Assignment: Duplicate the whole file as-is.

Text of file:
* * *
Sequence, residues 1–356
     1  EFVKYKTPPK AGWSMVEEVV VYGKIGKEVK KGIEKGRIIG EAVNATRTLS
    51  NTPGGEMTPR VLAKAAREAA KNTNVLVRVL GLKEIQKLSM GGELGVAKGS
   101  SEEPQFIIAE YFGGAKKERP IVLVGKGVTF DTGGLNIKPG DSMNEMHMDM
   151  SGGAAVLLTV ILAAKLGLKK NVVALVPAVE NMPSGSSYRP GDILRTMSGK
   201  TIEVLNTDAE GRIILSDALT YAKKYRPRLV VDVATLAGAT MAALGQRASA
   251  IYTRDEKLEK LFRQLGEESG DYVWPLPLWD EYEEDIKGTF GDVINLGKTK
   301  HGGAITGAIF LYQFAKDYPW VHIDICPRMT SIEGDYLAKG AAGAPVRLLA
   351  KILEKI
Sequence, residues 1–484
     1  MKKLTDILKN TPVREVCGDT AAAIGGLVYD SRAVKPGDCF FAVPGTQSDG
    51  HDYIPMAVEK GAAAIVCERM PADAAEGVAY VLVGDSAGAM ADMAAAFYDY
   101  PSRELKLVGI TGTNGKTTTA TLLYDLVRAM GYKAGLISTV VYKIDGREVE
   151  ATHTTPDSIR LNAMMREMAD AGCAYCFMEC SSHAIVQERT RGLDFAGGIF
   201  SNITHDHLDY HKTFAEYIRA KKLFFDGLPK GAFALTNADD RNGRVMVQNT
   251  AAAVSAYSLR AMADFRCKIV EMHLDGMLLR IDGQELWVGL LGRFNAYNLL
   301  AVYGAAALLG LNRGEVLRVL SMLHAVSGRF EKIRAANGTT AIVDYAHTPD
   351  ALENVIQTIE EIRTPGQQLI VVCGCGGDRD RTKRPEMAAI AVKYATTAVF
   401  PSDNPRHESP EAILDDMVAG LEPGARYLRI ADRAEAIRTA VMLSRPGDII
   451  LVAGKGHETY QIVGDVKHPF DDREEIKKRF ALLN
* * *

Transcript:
Sequence, residues 1–356
     1  EFVKYKTPPK AGWSMVEEVV VYGKIGKEVK KGIEKGRIIG EAVNATRTLS
    51  NTPGGEMTPR VLAKAAREAA KNTNVLVRVL GLKEIQKLSM GGELGVAKGS
   101  SEEPQFIIAE YFGGAKKERP IVLVGKGVTF DTGGLNIKPG DSMNEMHMDM
   151  SGGAAVLLTV ILAAKLGLKK NVVALVPAVE NMPSGSSYRP GDILRTMSGK
   201  TIEVLNTDAE GRIILSDALT YAKKYRPRLV VDVATLAGAT MAALGQRASA
   251  IYTRDEKLEK LFRQLGEESG DYVWPLPLWD EYEEDIKGTF GDVINLGKTK
   301  HGGAITGAIF LYQFAKDYPW VHIDICPRMT SIEGDYLAKG AAGAPVRLLA
   351  KILEKI
Sequence, residues 1–484
     1  MKKLTDILKN TPVREVCGDT AAAIGGLVYD SRAVKPGDCF FAVPGTQSDG
    51  HDYIPMAVEK GAAAIVCERM PADAAEGVAY VLVGDSAGAM ADMAAAFYDY
   101  PSRELKLVGI TGTNGKTTTA TLLYDLVRAM GYKAGLISTV VYKIDGREVE
   151  ATHTTPDSIR LNAMMREMAD AGCAYCFMEC SSHAIVQERT RGLDFAGGIF
   201  SNITHDHLDY HKTFAEYIRA KKLFFDGLPK GAFALTNADD RNGRVMVQNT
   251  AAAVSAYSLR AMADFRCKIV EMHLDGMLLR IDGQELWVGL LGRFNAYNLL
   301  AVYGAAALLG LNRGEVLRVL SMLHAVSGRF EKIRAANGTT AIVDYAHTPD
   351  ALENVIQTIE EIRTPGQQLI VVCGCGGDRD RTKRPEMAAI AVKYATTAVF
   401  PSDNPRHESP EAILDDMVAG LEPGARYLRI ADRAEAIRTA VMLSRPGDII
   451  LVAGKGHETY QIVGDVKHPF DDREEIKKRF ALLN